By Crystal R. Stanley on August 10 2018 18:24:43
A way to address this is to learn how to compare fractions and find common denominators so that two fractions can be numerically compared clearly. The worksheets on this page provide exercises to do exactly that, and they are good practice for the steps necessary for other fraction operations.
Once you have built an understanding of the concept of division you can try using these division worksheets. When teaching early division you should also discuss that division has an opposite. Discuss how division is about separating sets, while the opposite type of math, called multiplication is about combining sets. Explore this relationship with your child as it will be important when recalling basic facts to solve division problems. Introduce fact families (e.g. 5 x 3 =15, 3 x 5 = 15, 15 ÷ 3 = 5, 15 ÷ 5 = 3).
The goal of kindergarten math curriculum is to prepare children for first grade math:
~ To count by rote at least to 20, but preferably a little beyond.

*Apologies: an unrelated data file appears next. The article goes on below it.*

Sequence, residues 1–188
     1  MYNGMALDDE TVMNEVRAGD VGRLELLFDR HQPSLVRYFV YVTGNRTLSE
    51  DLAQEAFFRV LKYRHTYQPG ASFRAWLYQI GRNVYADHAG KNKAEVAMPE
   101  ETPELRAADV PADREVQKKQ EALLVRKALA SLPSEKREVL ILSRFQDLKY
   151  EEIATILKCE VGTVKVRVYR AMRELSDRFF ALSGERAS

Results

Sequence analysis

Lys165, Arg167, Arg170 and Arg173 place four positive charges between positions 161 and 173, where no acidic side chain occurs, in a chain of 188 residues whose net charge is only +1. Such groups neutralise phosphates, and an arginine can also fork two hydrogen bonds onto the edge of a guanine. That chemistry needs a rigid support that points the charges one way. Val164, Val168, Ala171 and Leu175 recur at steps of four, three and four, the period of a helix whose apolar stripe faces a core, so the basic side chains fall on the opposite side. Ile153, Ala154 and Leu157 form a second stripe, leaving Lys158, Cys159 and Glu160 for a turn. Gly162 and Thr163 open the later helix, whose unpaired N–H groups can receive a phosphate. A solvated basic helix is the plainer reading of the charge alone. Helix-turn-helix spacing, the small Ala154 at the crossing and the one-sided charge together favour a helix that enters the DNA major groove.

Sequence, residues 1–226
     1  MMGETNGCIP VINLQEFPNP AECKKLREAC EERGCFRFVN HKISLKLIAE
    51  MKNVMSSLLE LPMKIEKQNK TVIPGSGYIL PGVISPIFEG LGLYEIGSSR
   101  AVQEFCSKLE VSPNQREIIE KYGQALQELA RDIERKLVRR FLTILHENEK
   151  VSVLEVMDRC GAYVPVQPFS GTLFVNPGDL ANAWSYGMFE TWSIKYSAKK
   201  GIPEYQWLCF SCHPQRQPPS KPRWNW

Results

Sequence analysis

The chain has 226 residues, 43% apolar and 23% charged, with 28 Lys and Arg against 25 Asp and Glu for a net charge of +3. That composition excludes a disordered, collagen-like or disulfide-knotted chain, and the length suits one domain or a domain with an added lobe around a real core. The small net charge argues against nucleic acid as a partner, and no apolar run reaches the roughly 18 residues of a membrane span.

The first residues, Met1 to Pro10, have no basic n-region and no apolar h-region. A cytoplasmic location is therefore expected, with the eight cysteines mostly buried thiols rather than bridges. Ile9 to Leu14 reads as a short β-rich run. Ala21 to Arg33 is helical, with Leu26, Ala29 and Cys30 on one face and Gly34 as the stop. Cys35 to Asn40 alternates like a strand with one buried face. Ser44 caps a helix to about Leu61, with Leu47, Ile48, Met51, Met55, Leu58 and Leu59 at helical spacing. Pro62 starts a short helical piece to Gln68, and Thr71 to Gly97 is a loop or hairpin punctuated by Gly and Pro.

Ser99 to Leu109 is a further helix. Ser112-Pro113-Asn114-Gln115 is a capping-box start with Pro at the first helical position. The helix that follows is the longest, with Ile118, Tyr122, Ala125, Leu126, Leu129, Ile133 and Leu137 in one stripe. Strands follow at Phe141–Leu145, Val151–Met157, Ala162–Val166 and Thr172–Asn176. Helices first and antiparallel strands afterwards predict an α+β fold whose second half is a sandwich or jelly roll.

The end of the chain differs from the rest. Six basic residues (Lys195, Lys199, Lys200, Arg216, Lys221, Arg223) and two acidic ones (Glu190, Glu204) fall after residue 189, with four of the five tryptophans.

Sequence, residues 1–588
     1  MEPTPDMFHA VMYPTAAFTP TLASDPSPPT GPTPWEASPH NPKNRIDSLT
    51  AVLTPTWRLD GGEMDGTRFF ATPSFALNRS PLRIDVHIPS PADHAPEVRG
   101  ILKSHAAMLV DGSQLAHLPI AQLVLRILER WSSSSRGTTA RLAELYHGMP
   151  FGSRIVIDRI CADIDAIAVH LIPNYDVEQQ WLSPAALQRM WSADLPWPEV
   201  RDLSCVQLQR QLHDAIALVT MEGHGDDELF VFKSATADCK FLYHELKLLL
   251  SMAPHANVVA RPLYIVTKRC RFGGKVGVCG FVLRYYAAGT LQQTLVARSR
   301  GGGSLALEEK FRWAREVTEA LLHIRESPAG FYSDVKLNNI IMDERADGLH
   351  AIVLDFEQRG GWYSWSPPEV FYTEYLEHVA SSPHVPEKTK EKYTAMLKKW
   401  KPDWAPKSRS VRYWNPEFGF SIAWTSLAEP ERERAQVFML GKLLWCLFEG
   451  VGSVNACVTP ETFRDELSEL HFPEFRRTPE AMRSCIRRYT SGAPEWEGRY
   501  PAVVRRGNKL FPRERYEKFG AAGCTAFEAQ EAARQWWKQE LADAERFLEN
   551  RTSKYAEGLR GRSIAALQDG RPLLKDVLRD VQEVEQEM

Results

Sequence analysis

~ The concepts of equality, more, and less.
~ To count backwards from 10 to 0.
~ To recognize numbers.
~ To be able to write numbers.
~ To recognize basic shapes.
~ To understand up, down, under, near, on the side, etc. (basic directions).
~ To understand the concepts of addition and subtraction with small numbers.
~ Expose the student to two-digit numbers.
When adding fractions without a common denominator, it is necessary to find a common denominator before adding the numerators. Find two equivalent fractions by determining the least common multiple of the two denominators and using that as the denominator for both fractions.
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